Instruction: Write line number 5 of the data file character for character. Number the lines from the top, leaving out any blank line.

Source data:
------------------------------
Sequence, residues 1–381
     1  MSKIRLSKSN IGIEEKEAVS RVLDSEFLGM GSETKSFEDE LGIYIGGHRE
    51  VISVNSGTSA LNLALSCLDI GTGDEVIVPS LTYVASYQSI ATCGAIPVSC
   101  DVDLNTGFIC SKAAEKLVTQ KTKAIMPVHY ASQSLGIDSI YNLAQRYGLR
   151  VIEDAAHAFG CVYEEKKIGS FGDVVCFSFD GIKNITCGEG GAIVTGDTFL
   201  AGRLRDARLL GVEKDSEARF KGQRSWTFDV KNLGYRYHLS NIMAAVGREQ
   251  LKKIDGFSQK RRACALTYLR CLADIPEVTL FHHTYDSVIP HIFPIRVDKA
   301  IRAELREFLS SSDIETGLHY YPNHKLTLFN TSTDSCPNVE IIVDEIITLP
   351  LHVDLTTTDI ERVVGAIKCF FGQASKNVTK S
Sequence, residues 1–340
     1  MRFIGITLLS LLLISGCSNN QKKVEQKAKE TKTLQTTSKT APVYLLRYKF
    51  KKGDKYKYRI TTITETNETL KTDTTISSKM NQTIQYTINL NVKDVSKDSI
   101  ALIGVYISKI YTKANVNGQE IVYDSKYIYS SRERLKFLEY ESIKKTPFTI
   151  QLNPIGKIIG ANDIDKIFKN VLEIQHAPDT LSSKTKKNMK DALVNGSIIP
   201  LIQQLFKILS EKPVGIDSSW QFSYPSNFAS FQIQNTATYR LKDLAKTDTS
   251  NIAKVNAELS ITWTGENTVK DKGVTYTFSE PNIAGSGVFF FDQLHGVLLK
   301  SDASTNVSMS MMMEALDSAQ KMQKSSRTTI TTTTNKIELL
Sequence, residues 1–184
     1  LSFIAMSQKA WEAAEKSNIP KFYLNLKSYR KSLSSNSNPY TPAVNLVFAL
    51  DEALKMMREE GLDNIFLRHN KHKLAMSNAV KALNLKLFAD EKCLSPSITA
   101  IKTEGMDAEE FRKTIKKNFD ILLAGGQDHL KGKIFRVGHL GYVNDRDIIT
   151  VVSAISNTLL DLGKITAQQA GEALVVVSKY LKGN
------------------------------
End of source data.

   151  VIEDAAHAFG CVYEEKKIGS FGDVVCFSFD GIKNITCGEG GAIVTGDTFL